The book is not just about Melissa and her mum, it is also about her dad who has been struggling in many ways himself. Having had the most wonderful relationship with his wife, he fears that he has had his chance at happiness. He’d be too greedy to expect more.

A book that will stay with me. The recipes of course, are an essential part of the book. The author does such a beautiful job of merging the recipes with Melissa’s mum’s words that you don’t even realise where an anecdote ends and a recipe begins. Beautifully handled throughout. A 4.5/5 read for me.

About the Author
Teresa Driscoll is a former BBC TV news presenter with 25 years’ experience across newspapers, magazines and broadcasting. After training as a newspaper reporter, she joined Thames TV for five years before 15 years as the anchor of the BBC’s south west regional TV news programme Spotlight.

Teresa has been writing short stories for a range of national magazines for a decade and has tutored creative writing with the support of Arts Council England.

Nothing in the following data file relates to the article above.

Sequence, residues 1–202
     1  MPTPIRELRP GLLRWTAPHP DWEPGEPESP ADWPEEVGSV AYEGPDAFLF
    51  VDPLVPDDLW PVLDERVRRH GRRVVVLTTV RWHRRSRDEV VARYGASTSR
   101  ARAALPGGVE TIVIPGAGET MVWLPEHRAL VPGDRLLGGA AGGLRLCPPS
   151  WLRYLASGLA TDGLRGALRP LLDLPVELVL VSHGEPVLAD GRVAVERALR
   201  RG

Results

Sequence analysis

Recipes for Melissa – her debut novel – was auctioned at the Frankfurt Book Fair and has already sold in six languages.

This book is available for pre-order at Amazon(UK), at 99p (an absolute steal!).

Monday Musings 27 Apr

Musing Mondays are hosted by Miz B.


Musing Mondays is a weekly meme that asks you to choose one of the following prompts to answer:

I’m currently reading…
Up next I think I’ll read…
I bought the following book(s) in the past week…
I’m super excited to tell you about (book/author/bookish-news)…
I’m really upset by (book/author/bookish-news)…
I can’t wait to get a copy of…
I wish I could read ___, but…
I blogged about ____ this past week…

I’m currently reading